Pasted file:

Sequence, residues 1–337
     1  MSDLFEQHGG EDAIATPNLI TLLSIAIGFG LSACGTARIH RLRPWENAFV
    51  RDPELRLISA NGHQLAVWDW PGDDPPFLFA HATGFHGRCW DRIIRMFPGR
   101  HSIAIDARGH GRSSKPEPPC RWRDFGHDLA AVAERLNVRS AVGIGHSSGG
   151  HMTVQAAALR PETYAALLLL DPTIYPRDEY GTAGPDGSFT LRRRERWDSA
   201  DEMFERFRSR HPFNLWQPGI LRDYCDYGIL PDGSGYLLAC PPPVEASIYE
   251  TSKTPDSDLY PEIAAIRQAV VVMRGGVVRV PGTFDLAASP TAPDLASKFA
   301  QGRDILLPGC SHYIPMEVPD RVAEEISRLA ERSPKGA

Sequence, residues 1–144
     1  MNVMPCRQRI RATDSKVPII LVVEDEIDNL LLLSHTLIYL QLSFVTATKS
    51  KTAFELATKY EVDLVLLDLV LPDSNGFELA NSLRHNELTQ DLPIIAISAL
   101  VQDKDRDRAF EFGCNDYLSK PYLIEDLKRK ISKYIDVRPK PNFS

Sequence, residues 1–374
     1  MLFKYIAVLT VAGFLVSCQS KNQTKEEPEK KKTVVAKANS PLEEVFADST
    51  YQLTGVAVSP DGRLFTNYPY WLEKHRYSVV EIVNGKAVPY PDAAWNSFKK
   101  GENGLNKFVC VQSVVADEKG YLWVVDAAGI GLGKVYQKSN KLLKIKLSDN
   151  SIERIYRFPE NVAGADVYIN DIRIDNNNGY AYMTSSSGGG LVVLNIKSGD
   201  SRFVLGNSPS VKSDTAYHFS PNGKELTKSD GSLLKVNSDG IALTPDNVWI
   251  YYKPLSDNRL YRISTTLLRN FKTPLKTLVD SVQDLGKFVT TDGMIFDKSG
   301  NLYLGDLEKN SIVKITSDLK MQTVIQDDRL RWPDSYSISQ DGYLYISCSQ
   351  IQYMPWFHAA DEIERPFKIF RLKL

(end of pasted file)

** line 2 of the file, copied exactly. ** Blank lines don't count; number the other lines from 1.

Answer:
     1  MSDLFEQHGG EDAIATPNLI TLLSIAIGFG LSACGTARIH RLRPWENAFV